After years of rotting in Joliet, Les, a wrongfully imprisoned street legend known as "The Ghoul," is released into a mad search through Chicago's back alleys for the man who slaughtered his mother and robbed him of his soul.
Aided by enigmatic benefactors, he must delve beneath the city into a modern labyrinth of gutters whose tendrils have grown deep while he was gone.
What unfolds is a desperate tale of brute force tragedy set in the supernatural underworld of Chicago, where heroes are reduced to horror-shows, villains dream of their own demise, and good and evil prove to be antiquated concepts.
IFP Chicago Board of Directors member John Otterbacher interviews Director Dorian Weinzimmer:
Otterbacher: I believe this is your first major directing role (correct me if I’m wrong!), what were some highs and lows of this experience?
Weinzimmer: Yes, Chicago Rot represents my first foray into directing feature films, which I believe qualifies as major. As much as I would like to tell you that my film school efforts and early corporate video work as a fledgling film school graduate constitute some criminally unrecognized treasure trove of cinematic brilliance, my ability to stretch the truth does have its limitations. Those early short films and gigs were all extraordinarily valuable experiences for me as a growing filmmaker learning his craft and carving out his voice, but I am somewhat unconvinced that they would be as profound to others, as it was the mistakes, the missed opportunities, and the compromises present in the final pieces that were the most edifying for me. So I will say that one of the greatest highs of the entire Rot experience was the opportunity to synthesize all of those mistakes made and lessons learned during the formative years into a new baseline for myself and my core team. Isolating areas for improvement in your work is an excellent skill that every filmmaker should hone, but having such a broad palette with which to put those insights into practice through both the writing and directing processes was revelatory. Normally growth occurs so gradually that you almost do not even realize it has happened until after the fact, however, this was an occasion where I could actually feel maturation happening in powerful moments where I was forced to transcend what seemed, only moments prior, to be impossible. The only other option was to admit to myself and my crew that I lacked the capacity to realize my life's dream. Put in a position of choosing between those two options, it is truly astonishing what can be accomplished. At the very least, you will know exactly who you are in moments like those. Maybe more so than ever before.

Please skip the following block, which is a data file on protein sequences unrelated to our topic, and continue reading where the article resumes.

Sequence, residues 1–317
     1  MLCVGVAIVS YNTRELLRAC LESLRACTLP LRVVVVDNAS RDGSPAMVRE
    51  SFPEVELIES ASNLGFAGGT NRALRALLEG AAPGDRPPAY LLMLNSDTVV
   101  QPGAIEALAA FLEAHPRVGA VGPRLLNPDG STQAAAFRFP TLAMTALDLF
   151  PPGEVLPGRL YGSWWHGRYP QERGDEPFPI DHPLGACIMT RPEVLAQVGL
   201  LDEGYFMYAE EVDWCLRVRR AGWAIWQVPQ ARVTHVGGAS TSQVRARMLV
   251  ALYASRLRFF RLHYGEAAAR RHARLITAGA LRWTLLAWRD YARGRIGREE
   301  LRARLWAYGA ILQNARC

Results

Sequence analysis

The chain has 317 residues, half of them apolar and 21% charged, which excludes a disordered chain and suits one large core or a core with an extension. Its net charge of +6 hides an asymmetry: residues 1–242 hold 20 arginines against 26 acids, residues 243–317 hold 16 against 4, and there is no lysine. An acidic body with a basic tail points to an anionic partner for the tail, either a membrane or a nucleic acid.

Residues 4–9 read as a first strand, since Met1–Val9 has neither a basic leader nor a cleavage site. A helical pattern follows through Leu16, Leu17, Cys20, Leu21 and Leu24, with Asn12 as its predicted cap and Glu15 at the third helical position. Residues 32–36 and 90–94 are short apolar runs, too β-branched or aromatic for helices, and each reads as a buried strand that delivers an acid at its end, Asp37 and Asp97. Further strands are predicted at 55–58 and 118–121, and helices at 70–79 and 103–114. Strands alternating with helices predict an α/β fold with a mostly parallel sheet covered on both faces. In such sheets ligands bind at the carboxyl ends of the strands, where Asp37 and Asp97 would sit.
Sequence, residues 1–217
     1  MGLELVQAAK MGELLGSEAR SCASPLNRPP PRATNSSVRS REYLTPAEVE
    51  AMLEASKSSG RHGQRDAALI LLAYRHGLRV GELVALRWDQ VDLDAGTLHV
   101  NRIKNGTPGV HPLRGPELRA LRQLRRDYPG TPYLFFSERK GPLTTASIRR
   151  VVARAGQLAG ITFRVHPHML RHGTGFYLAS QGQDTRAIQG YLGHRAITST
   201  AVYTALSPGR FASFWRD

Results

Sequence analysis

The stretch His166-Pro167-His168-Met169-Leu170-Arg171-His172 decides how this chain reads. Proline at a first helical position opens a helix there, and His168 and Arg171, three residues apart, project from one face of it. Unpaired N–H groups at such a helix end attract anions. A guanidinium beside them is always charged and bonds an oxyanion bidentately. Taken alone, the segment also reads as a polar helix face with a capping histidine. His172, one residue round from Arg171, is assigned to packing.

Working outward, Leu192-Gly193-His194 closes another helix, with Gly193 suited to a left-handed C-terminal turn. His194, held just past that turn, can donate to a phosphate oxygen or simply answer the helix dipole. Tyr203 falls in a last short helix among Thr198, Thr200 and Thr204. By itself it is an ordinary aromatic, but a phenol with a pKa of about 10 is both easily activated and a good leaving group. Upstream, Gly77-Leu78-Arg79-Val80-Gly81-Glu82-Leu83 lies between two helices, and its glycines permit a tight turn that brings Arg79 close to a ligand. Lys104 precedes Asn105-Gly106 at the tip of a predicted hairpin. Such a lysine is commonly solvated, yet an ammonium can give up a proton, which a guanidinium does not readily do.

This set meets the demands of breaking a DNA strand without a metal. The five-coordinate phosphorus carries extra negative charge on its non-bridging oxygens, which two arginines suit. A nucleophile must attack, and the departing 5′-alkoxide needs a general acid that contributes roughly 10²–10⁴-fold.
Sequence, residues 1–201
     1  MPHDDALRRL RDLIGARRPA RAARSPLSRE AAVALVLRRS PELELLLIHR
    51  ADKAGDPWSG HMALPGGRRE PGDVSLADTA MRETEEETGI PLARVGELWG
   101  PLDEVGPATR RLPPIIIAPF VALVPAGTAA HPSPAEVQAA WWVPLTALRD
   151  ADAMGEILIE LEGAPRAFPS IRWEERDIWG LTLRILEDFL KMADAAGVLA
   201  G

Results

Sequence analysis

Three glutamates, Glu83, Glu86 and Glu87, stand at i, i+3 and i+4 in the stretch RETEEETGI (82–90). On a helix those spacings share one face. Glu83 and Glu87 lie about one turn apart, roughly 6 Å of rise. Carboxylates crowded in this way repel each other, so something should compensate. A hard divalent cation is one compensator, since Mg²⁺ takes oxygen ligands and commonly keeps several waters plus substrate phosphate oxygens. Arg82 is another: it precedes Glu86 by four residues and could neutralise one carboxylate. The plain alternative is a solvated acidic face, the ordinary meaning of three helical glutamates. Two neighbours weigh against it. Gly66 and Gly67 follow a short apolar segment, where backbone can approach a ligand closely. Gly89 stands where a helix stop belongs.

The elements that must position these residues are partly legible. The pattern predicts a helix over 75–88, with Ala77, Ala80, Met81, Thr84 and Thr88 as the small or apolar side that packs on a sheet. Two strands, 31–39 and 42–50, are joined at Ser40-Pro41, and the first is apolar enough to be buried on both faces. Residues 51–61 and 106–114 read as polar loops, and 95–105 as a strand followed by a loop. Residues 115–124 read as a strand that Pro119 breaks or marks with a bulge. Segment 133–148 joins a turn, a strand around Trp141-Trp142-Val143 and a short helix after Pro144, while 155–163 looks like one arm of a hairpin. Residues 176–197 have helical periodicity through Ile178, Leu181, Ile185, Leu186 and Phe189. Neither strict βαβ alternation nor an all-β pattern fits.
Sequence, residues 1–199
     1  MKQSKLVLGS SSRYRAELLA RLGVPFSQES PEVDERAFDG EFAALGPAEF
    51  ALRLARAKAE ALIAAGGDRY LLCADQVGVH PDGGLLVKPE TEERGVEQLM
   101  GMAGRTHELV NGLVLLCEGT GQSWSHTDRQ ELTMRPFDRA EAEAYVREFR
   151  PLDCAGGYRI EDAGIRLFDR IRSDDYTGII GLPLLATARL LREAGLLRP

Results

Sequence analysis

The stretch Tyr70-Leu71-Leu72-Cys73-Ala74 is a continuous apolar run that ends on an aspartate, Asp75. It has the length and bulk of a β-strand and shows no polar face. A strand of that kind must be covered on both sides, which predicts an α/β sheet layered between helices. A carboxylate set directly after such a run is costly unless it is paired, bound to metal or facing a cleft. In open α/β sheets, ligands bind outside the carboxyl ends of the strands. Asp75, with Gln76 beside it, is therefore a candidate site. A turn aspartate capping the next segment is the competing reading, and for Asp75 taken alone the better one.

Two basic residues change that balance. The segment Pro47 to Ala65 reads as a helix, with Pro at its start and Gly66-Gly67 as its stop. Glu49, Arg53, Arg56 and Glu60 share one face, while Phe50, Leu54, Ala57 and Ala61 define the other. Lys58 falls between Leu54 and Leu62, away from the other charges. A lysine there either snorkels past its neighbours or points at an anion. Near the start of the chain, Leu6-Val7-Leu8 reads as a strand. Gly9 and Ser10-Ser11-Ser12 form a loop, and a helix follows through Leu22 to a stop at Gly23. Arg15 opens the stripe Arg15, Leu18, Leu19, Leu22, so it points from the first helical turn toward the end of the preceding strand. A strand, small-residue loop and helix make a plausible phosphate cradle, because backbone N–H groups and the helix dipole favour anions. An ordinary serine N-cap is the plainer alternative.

The lows... well, there are a lot of those too. And that's fine - it is an emotionally intense undertaking after all - but what you really need to be equipped to handle is the speed and unpredictability of the shift from high to low, and become extremely well versed in ways to shift it back in the other direction just as quickly. The thing about "living your life's dream" is that you are holding everything to an idyllic standard, but perfection is about the most tenuous thing in the world, and once any one part falters, the whole of it loses that quality. So as soon as any sign of compromise, frustration, or low morale rear their heads, it is precisely like stepping off the edge of a cliff, and you can bet your ass that every self-doubt, cause for self-loathing, and general shortcoming you have ever identified in yourself is going to come rushing up towards you while you fumble around for the rip cord. Experience will sharpen your reflexes and afford you the capability to quickly grab the ledge and pull yourself back up well before you hit free fall, but when you're starting out and you hit those lows (and you will, unfortunately), remember what Werner Herzog said - "Never wallow in your troubles; despair must be kept private and brief."
As far as more anecdotal examples of highs and lows, I fear that those stories would need to be contextualized with information about our film that I would rather not spoil... There are a lot of surprises in store for the audience that we have worked extremely hard to preserve over the past several years. I can say this though - the most potent images that are trapped in your head, and which likely represent the anchor points of your reasons for making this particular film, when made manifest before your eyes, are truly the most magical moments one can experience in life. There are several days from the production of Rot that I would earmark as strong contenders for "best day of my life." So far.
Otterbacher: Without giving too much away, what can a fan of independent film expect to experience?
A brute force tragedy steeped in Lynchian surreality, boiled in the blood of a thousand exploitation films, simmered in an essence of hardscrabble city-symphony taken straight from Abel Ferrara's recipe book, and ultimately served up on an artfully designed platter that any Bergman or Tarkovsky fan would find delectable.
But in more straightforward terms, I would say expect to see a highly ambitious, proudly independent, uncompromisingly love-it-or-hate-it thriller/horror/surreal/sci-fi clusterfuck that we're damn proud to call our own. If that description stirs you in any way, I dare say Chicago Rot is exactly the movie you never knew you were dying to see, and no matter what, I can guarantee that you will leave with a strong opinion about it. Saying any more than that would be spoiling the fun.
Otterbacher: I love that you did this with so many of your fellow alumni from Tribeca Flashpoint College. How did this come together and what was it like working with the same people you went to school with?